What is the one thing that all advertisers, content creators, application developers, and tech companies should all wake up in the morning thinking about?
It’s the single greatest thing getting in the way between creators and consumers. Today, more than three-quarters of Americans worry about their online privacy. This unprecedented mistrust from the public is having a dismal effect on our industry. And yet, we’re the ones causing this breach of trust. Our problem is self-made.
So how do we solve it? It’s clear we must reframe our approach to privacy. Many brands, publishers, and technology companies see privacy tools as an obstacle between them and a sale: something for which to find a work-around. However, the “work-around” approach isn’t helping our predicament, so I propose something different.
What if we stopped thinking about privacy as the problem, and started thinking about privacy as a service… a service we might even be able to help provide? Privacy offerings are clearly wanted by consumers. And as technologists and creators, isn’t it in our best interest to provide the public with the services and products they need and ask for?
Along with this idea, if we want to reestablish trust with the consumer, what better way than by protecting them, or giving them agency over their own choices? A recent Pew Research study found that 91% of adults feel that they have lost control over how their personal information is collected and used by companies. 88% of adults “agree” or “strongly agree” that it would be very difficult to remove inaccurate information about them online….so why don’t we do something about that?
Technology offerings in the privacy space could also prove to be wildly inventive and innovative. Offerings could be as diverse, and nuanced as the needs of the consumers asking for them. While some people want total privacy protection, others might want to control their own personal information, and still others want their taste profiles to be selective… only available to the brands they love, or developers who are creating products they’re seeking. The possibilities are endless.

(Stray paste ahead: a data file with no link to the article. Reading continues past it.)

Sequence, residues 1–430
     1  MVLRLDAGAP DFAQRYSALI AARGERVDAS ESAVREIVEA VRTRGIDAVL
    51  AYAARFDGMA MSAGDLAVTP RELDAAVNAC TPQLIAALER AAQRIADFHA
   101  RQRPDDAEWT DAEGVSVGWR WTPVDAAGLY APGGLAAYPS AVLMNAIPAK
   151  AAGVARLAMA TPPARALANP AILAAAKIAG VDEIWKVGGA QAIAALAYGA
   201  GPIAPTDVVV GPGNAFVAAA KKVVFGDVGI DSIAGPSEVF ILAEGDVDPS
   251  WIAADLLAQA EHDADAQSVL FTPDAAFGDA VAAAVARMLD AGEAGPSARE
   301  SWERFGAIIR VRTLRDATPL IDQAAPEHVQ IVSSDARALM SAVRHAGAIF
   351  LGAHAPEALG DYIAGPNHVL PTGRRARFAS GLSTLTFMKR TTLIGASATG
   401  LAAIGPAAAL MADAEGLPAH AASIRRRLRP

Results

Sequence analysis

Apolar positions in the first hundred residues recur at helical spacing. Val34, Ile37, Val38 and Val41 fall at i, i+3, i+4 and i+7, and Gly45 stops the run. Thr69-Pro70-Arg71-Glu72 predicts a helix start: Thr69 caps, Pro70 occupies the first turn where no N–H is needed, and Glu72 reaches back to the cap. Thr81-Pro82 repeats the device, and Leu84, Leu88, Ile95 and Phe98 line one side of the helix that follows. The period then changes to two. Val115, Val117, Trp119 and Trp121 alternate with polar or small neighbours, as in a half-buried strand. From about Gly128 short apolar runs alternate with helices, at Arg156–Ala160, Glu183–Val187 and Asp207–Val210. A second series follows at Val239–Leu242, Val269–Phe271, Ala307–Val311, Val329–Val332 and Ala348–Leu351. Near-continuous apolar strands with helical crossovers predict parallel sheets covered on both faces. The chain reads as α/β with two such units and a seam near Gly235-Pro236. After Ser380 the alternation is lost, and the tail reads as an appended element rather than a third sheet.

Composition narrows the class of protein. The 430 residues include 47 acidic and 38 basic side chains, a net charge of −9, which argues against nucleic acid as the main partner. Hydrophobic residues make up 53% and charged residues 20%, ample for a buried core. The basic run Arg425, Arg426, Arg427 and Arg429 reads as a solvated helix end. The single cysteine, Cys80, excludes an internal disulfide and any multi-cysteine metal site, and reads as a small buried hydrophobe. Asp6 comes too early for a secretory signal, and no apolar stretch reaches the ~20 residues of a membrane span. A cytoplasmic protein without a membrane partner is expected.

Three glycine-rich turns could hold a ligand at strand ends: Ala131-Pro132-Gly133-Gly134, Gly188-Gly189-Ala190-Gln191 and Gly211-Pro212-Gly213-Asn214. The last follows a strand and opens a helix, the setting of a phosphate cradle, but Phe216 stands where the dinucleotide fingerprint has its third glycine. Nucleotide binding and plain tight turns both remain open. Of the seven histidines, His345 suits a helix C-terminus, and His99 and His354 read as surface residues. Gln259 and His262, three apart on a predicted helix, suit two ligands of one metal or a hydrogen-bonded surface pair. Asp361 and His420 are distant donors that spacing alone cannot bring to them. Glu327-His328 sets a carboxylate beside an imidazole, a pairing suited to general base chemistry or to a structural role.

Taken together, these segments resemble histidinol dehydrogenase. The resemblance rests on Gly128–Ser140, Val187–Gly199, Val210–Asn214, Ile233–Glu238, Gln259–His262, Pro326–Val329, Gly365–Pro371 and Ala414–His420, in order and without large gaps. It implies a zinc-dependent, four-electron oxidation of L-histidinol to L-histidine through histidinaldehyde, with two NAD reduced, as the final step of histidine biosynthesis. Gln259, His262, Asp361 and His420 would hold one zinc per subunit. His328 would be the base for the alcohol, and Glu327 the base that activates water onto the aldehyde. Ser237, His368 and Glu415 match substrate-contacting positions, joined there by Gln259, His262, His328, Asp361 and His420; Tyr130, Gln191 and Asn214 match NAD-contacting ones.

With these possibilities comes an even bigger promise: advertising as a service. Some may balk at this suggestion. And yet, this shows how removed we are from our purpose and the history of our industry. After all, advertising was created to serve the people, and to educate the public about useful products and services. In many ways, approaching advertising solutions from the spirit of public service is a return to the origin of the industry. If we look back, ancient Egyptians invented advertising by carving notices of public importance in steel: the intent was to help spread important, useful information. Likewise, advertising in the industrial era spread news of products that would improve Americans’ standard of living. Billboards spurred the rise of automobiles and announced the invention of the light bulb. So, how can we, in our approach to privacy, improve the quality of life of consumers in the same way these technologies improved the lives of Ancient Egyptians and Americans in the past?
To start, let’s imagine a different model when it comes to privacy. Imagine we live in a society where consumers are protected… by the market itself. Respected. Our privacy isn’t under siege, it’s enhanced; not blocked, but controlled by the consumer. Imagine a world where we only see ads that we choose to see. Because advertising is an informative service, and there are offerings in place that allow people to curate their digital experience. I have a feeling if we treated consumers with this level of respect, like partners, the epidemic of ad-blocking would cease. Brands and content creators would be able to achieve some level of trust with the consumer.
This “What if” experiment is a step in the right direction, but it’s only a beginning. There are more solutions, and versions of this vision. And as trailblazers, and creators in the industry, it’s up to us to discover them. If we can, it will be our industry’s next big win.
Tim McQuillen is chief knowledge officer at Rubicon Project and head of the Garage Innovation Lab